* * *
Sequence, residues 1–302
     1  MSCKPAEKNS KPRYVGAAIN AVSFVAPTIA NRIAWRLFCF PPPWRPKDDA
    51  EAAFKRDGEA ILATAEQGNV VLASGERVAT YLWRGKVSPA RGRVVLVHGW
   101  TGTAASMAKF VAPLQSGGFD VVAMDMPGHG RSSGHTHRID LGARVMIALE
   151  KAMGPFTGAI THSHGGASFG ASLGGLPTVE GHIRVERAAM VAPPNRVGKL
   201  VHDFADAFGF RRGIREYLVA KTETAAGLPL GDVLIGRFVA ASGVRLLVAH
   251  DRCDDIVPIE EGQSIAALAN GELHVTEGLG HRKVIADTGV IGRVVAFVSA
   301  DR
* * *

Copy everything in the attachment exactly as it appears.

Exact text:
Sequence, residues 1–302
     1  MSCKPAEKNS KPRYVGAAIN AVSFVAPTIA NRIAWRLFCF PPPWRPKDDA
    51  EAAFKRDGEA ILATAEQGNV VLASGERVAT YLWRGKVSPA RGRVVLVHGW
   101  TGTAASMAKF VAPLQSGGFD VVAMDMPGHG RSSGHTHRID LGARVMIALE
   151  KAMGPFTGAI THSHGGASFG ASLGGLPTVE GHIRVERAAM VAPPNRVGKL
   201  VHDFADAFGF RRGIREYLVA KTETAAGLPL GDVLIGRFVA ASGVRLLVAH
   251  DRCDDIVPIE EGQSIAALAN GELHVTEGLG HRKVIADTGV IGRVVAFVSA
   301  DR